It's not necessary to make extravagant claims for Francesco Cavalli's originality to recognize his absolute mastery of the style of mid-17th century Venetian opera perfected by Monteverdi in L'incoronazione di Poppea. The fact that he was able to keep the operatic form so fresh and vital (and most importantly, hugely entertaining) for more than a generation after Monteverdi's death is achievement enough.
Abbado's Verdi recordings are some of the finest available and this Requiem recording is no expection. Abbado takes a less ferocious approach than say Muti, or Barenboim, balancing the dramatic moments effectively against the more introspective aspects of the score. Ricciarelli is in fine form here, singing with a fine sense of line and intense emotional declamation. Her intonation is perfect. Verrett blends seamlessly with Ricciarelli, making the most of their duet and capturing the intense sadness of much of the writing quite well. Domingo, in his first recording of the part, provides a steady stream of golden tone, effortlessly produced. His emotional temperature runs about right here - not overly dramatic - after all, this is not Aida - but strong feelings kept on a tight rein. Ghiaurov is phenomenal. His gigantic bass somehow anchoring the entire quartet and chorus into an imposing yet gorgeous Verdian soundscape. There are many excellent Verdi Requiem recordings - this is surely one of the very best.
Debussy modified the inertias of music without altering the thread of music history; he changed the course without losing north, and avoided the pitfalls that led so many other eminent composers of his era to isolation and melancholy. All this is manifested in the works that Peruvian pianist Claudio Constantini reveals to us in this stunning release, second in a series that presents the recording of the complete piano output of the French composer, in which he performs the 24 Preludes, composed by Debussy in two volumes, the first from 1909 to 1910, while he was already ill with the cancer which would cause his death in 1918, and the second from 1911 to 1913. Together with the first book of Preludes, Claudio Constantini performs the Estampes from 1903 and the Ballade Slave from 1890; and next to the second book of Preludes, his Images oubliées from 1894.
Mute and Spoon are pleased to announce the release of VILLA WUNDERBAR, on 4 November 2013, a 2CD set, compiling the work of Can founder Irmin Schmidt’s solo and soundtrack work, including two unreleased Can remixes and a collection of soundtrack pieces personally compiled by long-term collaborator Wim Wenders. CD1 is a compilation of Irmin Schmidt’s extensive work as a solo artist over the past 30 years, whilst CD2 – selected and presented by the filmmaker Wim Wenders – is an insight into Schmidt’s vast work as a composer for film and television for which Wenders has written extensive sleeve notes. The two CD compilation includes tracks such as Villa Wunderbar, Kick On The Floods and Bohemian Step, alongside unreleased remixes by Schmidt of two Can tracks, Alice and Last Night Sleep.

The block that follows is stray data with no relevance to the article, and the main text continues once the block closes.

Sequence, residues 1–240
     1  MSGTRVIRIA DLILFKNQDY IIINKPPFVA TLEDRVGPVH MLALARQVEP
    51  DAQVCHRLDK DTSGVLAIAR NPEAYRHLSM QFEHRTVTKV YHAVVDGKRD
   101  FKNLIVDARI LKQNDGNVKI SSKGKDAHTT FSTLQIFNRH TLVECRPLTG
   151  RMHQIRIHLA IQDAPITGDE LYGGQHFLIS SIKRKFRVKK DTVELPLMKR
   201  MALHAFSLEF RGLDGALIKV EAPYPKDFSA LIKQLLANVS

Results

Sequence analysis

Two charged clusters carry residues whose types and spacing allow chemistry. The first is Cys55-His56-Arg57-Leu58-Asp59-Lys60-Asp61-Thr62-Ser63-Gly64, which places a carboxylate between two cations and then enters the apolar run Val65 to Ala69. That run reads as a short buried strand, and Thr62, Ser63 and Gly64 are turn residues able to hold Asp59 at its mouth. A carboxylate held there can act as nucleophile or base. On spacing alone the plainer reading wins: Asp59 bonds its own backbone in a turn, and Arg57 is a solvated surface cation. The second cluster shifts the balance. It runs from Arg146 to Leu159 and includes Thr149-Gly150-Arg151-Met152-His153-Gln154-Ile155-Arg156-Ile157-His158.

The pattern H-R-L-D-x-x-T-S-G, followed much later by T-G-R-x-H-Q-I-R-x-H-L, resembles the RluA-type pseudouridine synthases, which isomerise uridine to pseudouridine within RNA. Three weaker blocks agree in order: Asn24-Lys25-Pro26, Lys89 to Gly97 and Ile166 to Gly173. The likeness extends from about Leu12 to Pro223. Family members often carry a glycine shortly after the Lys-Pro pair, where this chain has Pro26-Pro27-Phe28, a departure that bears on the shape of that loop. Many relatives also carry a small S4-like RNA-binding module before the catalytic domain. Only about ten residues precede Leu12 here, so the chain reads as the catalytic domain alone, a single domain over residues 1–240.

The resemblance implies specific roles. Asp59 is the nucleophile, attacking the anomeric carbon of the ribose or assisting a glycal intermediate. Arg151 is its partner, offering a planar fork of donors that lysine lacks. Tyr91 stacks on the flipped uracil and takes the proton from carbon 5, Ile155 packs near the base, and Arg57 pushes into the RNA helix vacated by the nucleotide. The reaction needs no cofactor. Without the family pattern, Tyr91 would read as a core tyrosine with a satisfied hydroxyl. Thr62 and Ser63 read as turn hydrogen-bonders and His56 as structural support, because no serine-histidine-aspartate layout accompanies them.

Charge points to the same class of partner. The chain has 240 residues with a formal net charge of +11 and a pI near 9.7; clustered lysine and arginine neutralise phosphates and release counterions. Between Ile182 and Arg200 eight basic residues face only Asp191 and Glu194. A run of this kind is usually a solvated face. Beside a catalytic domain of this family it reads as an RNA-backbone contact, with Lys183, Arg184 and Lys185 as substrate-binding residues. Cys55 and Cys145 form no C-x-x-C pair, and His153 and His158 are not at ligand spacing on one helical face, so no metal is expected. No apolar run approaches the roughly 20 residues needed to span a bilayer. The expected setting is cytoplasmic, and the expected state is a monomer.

The plot concerns the feisty eponymous heroine Isabella. She has been sailing in the Mediterranean, accompanied by an elderly admirer Taddeo, in search of her lover Lindoro. After her ship is wrecked Mustafa, the Bey of Algiers, believes her the ideal replacement for his neglected wife who he intends to marry off to a captured slave, who happens to be Lindoro. Complicated situations ensue involving Taddeo being awarded the honour of Kaimakan and Mustafa in turn becoming a Pappataci, a spoof award invented by Isabella to keep him obeying her strict instructions. All ends well in a rousing finale with the Italians escaping from the clutches of the Bey.
Piano and tenor & soprano saxophone respectively, Filippini and Ionata, with Maurizio Rolli contrabass, Nicola Angelucci drums and an appearance of the drummer Giancarlo Alfani, present themselves in this their first CD with hints of great swing in the name of standard and original pieces. What is most striking to listen is the close understanding of the quartet in weaving the musical plots with the usual interplay: I love You by Cole Porter is the first of the examples, followed by nine others.
Nothing could be more different than Arrau's approach to Mozart even in the early stages of his career. Certainly, other pianists in those days gave full value to the dramatic power of the minor-key sonatas. But very few approached with the sheer volcanic force he brought to those bass octaves and no-holds-barred style in seemingly less serious works.
These fine performances constitute the only complete cycle currently available of the 17 string quartets that pepper Villa-Lobos' entire career. The suite-like, five-movement No. 1, with its adorable "like a jumping bean" finale, is deceptive. Most of these are resoundingly neo-classical works full of acerbic harmonies and typically busy counterpoint, with few overtly nationalistic elements. Of course they sound just like Villa-Lobos, who was himself something of a "nationalistic element" when you come right down to it. The series reaches its culmination in the large works composed around the time of the Second World War, Nos. 7-11, which really do constitute landmark 20th century contributions to the form on a par with those of Shostakovich and Bartók.